New Postgraduate Diploma in Management Practice to plug skills gap
South African business schools offer excellent top-end and lower-end business qualifications – but there is a gap in the middle of the business education ladder. It is this gap that the UCT GSB aims to fill with its important new course – the Postgraduate Diploma in Management Practice (PGDip).
“What we don’t see in South Africa is the kind of qualification that speaks to middle managers and young senior managers and which goes beyond functional insights. At this level, people need not only knowledge of finance and accounting, but also how to go beyond this and use it in a broader framework,” says director of the UCT GSB, Professor Walter Baets.
The PGDip, which will run for the first time in 2015, is a pre-master’s programme that builds vital business skills for success in uncertain economic times. It offers a choice between three specialisation streams: Innovative Leadership, Wine Business or Business Administration.
Baets believes companies need employees who are skilled at postgraduate level, who have some kind of basic management knowledge but need the expertise that comes with the deeper business and psychological insights that traditionally come with longer and more expensive courses such as an MBA. “This is where there is a lot lacking in competence in South Africa. It’s not at the top, but in the management positions where people lack basic knowledge and integrative insights,” he says.
Saskia Hickey, UCT GSB market intelligence and strategy manager says “the programme gives participants tools that allow meaningful reflection, challenging individuals on a personal as well as professional level.” Hickey adds that an important difference between the new PGDip course and traditional management programmes is that in the PGDip there is real integration between subjects, which allows crucial insights into how sections like marketing, accounting and finance all come together in a company or organisation.
The programme takes a systems thinking and action learning approach, a proven educational method developed and perfected over several years at the UCT GSB in its other business education courses. Students implement knowledge in their workplaces in between modules via action learning projects. This means companies and organisations see immediate benefits from employees participating in the course – while individuals are able to witness how theories work in practice – a valuable educational tool.
Professor Baets believes that in the future, business schools will develop more postgraduate diplomas as these address immediate needs and offer condensed knowledge packages in interactive formats, making them optimal for learning.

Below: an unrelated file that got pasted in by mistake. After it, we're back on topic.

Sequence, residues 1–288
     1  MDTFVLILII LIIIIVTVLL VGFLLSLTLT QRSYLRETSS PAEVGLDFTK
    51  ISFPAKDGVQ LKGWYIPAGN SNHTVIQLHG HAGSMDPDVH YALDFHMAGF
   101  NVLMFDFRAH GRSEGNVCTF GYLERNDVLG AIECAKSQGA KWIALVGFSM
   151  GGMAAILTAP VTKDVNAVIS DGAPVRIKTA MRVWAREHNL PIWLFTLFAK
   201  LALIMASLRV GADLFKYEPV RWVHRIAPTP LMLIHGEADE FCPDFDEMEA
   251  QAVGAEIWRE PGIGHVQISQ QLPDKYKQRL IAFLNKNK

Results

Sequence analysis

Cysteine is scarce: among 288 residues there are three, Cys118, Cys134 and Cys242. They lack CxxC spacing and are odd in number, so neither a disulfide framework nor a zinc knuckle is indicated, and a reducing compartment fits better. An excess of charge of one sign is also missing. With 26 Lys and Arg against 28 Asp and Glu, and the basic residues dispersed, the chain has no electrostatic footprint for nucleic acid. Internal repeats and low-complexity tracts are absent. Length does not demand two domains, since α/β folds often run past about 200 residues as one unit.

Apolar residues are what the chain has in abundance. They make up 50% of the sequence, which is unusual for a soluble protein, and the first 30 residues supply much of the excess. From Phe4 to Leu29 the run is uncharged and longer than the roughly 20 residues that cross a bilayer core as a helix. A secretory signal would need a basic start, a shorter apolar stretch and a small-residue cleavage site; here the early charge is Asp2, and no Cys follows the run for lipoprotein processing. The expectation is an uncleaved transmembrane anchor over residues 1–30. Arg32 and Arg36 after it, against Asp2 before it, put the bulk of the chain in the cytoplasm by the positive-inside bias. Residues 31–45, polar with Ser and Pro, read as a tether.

“We all like to think we are good in management practice without having had any training and of course, there are a few exceptions but there can only be so many Richard Bransons and Bill Gateses. For most people, it can help enormously to get this kind of structured approach and in one year, they can obtain enough information to contribute vastly to their organisation or company.”
Professor Baets says business schools have to respond to the needs of society. “We cannot keep at one kind of learning when it is clear that more people want and need another kind of education and learning approach. “More people want this as it is a way in which skills can be applied very quickly and it is an extremely powerful and effective tool,” he says.
Business roundtables focus on the big issues of the day
Series organiser, GSB Associate Professor Mills Soko says that the events are designed to get business leaders, policymakers, academics and civil society representatives literally around a table to flesh out some of the pressing issues of the day. Topics covered since the series was initiated in May include a debate on the future of mining in South Africa following the protracted platinum strike, an assessment of EU/South African economic relations, a preview of the US/Africa Leaders Summit, and a discussion on South Africa’s role in the newly-established BRICS bank.
“As interest grows in South Africa as a global economic player, it is becoming more critical that we are well informed and asking the right questions about these issues,” says Soko.
“Universities and business schools must play a key role in facilitating and stewarding these conversations. We want to deploy the school’s convening power to promote structured dialogue around current socioeconomic and business challenges. As Africa’s top business school, we believe we are well placed to lead this process.”
The UK connection